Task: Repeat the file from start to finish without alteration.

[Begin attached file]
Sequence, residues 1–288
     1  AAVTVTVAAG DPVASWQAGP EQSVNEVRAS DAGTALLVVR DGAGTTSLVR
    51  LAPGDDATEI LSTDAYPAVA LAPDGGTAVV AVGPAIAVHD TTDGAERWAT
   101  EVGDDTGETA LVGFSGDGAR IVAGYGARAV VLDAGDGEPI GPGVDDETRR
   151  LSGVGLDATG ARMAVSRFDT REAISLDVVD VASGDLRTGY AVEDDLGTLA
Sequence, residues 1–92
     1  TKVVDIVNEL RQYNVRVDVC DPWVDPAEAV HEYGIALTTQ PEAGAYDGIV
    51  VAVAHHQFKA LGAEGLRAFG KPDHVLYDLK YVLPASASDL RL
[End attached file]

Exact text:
Sequence, residues 1–288
     1  AAVTVTVAAG DPVASWQAGP EQSVNEVRAS DAGTALLVVR DGAGTTSLVR
    51  LAPGDDATEI LSTDAYPAVA LAPDGGTAVV AVGPAIAVHD TTDGAERWAT
   101  EVGDDTGETA LVGFSGDGAR IVAGYGARAV VLDAGDGEPI GPGVDDETRR
   151  LSGVGLDATG ARMAVSRFDT REAISLDVVD VASGDLRTGY AVEDDLGTLA
Sequence, residues 1–92
     1  TKVVDIVNEL RQYNVRVDVC DPWVDPAEAV HEYGIALTTQ PEAGAYDGIV
    51  VAVAHHQFKA LGAEGLRAFG KPDHVLYDLK YVLPASASDL RL